The Fresh Loaf

News & Information for Amateur Bakers and Artisan Bread Enthusiasts

My starter's first international voyage!

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EricD's picture
EricD

My starter's first international voyage!

I'm moving in about ten days, and I'd like to bring my starter along with me. I'm not exactly moving across the street though, and I was wondering if anyone has experience with travelling on airplanes with their starter. I also have the idea that it may not be 100% legal to do so, but I've got a good starter going here that I know well, and I'm really interested to see how it reacts and changes in a new environment (I'm moving from northern Italy to Rio de Janeiro). I'd also hate to have to wait until I got another one going before baking some sourdough bread!

So in summary, my questions are essentially does anyone know what kind of regulations I may encounter, and the best way to pack it either way? Also, with the extremes in temeprature it may encounter for example in the baggage hold of the airplane, in what kind of shape can I expect to find it when I arrive? I'm completely fine if I have to smuggle it in a shampoo bottle or something in my checked baggage.

Thanks,

Eric

Mini Oven's picture
Mini Oven

it will stink and be bitter and shampoo has stuff in it that isn't good for you to eat.  Bad plan!

Run a site search on travel starters and there is lots of info.  I would try several ideas, drying, firm starters, and label everything for exactly what it is.  Wheat Sourdough Starter, June 11, 2012  for use in baking. 

Put samples in the lugguage, toiletries, some in carry-on (I've declared a sample in with the toothpaste, lipstick, and other allowed liquids (total of 150g I believe) in see-thru zip lock bag.  But don't try to transport wet starters or anything above 50% hydration because it will expand when the plane reaches altitude and make a mess!  

My suggestion is to take a few tablespoons of your starter, add a few tablespoons of water and then enough flour to make moist crumbs (pinch pinch pinch to mix)  that just barely hold together when you press them inside the palms of your hands and form pingpong size balls of starter.  Use zip lock bags and press out the air, refrigerate until you pack them last minute.  Put a sticky note on your suitcase to retrieve the starters from the fridge.  (I forgot them once.)    Put them into the center of the suitcase so they are insulated from outside cold and heat.  Do not wrap in foil.  Put one zippy bag ball into your hand carry zippy bag that goes thru security.  Always label and you should be fine.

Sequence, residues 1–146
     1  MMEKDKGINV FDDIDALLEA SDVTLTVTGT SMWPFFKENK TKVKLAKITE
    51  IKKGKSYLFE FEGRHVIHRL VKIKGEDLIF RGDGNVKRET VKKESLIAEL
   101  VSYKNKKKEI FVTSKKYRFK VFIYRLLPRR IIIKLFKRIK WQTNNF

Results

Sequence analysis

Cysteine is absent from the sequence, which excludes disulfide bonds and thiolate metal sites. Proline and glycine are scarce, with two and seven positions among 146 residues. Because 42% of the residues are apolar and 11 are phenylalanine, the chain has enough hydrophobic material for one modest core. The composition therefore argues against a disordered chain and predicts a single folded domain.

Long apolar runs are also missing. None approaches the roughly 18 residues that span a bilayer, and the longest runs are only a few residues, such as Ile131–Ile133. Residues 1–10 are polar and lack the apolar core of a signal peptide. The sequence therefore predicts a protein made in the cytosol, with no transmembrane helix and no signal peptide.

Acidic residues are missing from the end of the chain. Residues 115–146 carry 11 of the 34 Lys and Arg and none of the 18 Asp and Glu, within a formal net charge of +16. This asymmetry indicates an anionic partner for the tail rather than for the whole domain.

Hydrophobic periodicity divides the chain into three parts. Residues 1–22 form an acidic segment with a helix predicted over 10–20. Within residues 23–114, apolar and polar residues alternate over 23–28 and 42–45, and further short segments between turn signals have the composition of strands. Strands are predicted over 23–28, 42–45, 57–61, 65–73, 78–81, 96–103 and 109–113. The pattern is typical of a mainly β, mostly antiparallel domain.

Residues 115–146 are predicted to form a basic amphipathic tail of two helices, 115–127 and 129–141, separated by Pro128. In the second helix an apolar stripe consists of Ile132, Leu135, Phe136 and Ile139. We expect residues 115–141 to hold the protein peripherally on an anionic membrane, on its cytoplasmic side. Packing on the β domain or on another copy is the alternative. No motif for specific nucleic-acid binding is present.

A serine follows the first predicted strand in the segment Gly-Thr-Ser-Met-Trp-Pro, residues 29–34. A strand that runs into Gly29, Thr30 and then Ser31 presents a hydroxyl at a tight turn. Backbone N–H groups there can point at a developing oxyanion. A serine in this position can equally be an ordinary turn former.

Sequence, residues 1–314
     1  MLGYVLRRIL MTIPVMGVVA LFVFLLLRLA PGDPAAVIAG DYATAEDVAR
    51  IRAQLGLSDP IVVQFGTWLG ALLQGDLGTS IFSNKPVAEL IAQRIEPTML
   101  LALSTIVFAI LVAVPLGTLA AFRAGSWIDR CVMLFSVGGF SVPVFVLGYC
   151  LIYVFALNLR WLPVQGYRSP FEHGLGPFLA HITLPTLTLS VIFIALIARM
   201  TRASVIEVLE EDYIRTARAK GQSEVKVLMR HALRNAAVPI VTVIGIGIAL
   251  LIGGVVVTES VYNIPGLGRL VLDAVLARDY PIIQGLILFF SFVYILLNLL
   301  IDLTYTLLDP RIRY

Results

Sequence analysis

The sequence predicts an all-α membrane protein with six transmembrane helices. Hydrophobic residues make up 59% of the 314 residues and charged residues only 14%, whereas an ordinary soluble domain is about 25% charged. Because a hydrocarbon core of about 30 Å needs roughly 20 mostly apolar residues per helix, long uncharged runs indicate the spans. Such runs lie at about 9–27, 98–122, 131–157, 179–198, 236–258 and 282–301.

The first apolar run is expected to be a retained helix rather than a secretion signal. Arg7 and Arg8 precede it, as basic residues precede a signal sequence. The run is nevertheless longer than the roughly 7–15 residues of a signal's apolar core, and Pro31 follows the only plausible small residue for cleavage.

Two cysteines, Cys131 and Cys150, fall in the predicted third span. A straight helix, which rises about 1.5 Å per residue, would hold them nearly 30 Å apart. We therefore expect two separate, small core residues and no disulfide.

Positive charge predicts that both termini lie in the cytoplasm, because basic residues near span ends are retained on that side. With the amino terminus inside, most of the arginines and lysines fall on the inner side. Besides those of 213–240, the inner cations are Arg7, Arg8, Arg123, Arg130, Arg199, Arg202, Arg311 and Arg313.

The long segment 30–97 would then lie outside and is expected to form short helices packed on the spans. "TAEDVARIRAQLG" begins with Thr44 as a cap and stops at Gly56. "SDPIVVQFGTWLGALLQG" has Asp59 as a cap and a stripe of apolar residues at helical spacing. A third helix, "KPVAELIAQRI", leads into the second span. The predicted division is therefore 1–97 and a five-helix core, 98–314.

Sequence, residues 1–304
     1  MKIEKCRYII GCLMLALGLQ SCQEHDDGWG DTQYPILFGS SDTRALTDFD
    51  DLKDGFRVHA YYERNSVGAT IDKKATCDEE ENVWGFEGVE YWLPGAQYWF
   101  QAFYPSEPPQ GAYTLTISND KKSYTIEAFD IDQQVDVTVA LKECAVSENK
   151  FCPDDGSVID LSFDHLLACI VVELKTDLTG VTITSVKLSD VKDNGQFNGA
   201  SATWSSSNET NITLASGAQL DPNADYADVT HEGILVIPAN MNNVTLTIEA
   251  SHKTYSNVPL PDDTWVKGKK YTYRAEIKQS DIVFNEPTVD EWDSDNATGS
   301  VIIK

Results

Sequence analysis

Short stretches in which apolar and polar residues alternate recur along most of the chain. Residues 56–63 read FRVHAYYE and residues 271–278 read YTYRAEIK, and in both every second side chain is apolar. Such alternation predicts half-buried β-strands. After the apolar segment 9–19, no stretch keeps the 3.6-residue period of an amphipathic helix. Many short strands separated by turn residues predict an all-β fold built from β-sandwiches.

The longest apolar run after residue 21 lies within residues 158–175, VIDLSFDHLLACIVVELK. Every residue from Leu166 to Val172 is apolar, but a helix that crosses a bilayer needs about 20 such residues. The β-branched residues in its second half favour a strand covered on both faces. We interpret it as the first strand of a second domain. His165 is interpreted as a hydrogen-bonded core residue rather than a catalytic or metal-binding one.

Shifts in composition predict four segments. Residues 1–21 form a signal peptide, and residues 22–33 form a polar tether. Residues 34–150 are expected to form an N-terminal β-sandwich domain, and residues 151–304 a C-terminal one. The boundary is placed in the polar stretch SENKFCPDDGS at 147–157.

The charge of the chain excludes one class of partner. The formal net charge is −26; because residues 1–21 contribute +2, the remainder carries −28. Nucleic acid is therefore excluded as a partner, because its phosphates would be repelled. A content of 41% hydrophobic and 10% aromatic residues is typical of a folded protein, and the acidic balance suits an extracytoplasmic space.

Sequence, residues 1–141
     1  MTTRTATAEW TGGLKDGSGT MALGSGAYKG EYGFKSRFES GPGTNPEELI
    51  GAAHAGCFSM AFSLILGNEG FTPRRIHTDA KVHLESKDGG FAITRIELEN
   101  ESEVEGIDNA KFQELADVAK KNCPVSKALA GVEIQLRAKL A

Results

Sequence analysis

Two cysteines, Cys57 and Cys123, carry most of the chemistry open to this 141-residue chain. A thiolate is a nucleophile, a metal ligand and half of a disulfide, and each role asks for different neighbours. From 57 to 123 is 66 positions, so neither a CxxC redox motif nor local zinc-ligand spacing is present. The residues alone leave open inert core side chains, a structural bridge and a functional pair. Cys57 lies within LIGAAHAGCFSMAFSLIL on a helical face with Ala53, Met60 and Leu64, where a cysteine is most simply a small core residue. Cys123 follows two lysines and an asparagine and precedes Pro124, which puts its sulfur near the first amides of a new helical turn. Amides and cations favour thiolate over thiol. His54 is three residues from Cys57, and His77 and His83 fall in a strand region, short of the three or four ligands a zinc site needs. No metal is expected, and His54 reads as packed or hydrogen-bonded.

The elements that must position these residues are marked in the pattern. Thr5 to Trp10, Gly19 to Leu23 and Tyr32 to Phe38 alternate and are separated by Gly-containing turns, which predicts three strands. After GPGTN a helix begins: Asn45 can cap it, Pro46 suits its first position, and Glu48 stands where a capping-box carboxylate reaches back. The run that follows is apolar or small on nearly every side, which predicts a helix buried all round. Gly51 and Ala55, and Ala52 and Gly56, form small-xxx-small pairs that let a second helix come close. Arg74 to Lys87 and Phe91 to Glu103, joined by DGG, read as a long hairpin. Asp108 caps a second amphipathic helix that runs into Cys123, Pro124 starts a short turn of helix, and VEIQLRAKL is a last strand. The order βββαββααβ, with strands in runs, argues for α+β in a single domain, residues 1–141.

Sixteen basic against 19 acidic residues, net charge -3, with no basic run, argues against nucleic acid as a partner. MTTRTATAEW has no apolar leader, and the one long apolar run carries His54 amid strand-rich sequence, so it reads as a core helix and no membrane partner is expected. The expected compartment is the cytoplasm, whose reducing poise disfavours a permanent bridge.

When you get to your destination you can re-hydrate the ball of crumbs and if it has soured, more flour to feed.  It should be up and running sooner than dried.  Save other starter dough balls as back-up.  Have a nice trip.  You do realize you're flying into my neighborhood?  

EricD's picture
EricD

I was thinking more like the clear travel shampoo bottles made for transferring the shampoo rather than actual shampoo bottles. While some shampoos may add different, new flavors to my sourdough, that doesn't mean it'd be appetizing or safe in the end!

Thanks for the advice. For some reason I had in my mind that a liquid starter would have been a bit easier to transport. No logic to it, I just had that idea in my head. I'll absolutely make a couple, some to try to carry on and some others for the checked luggage. I'll also do some more research here on the site.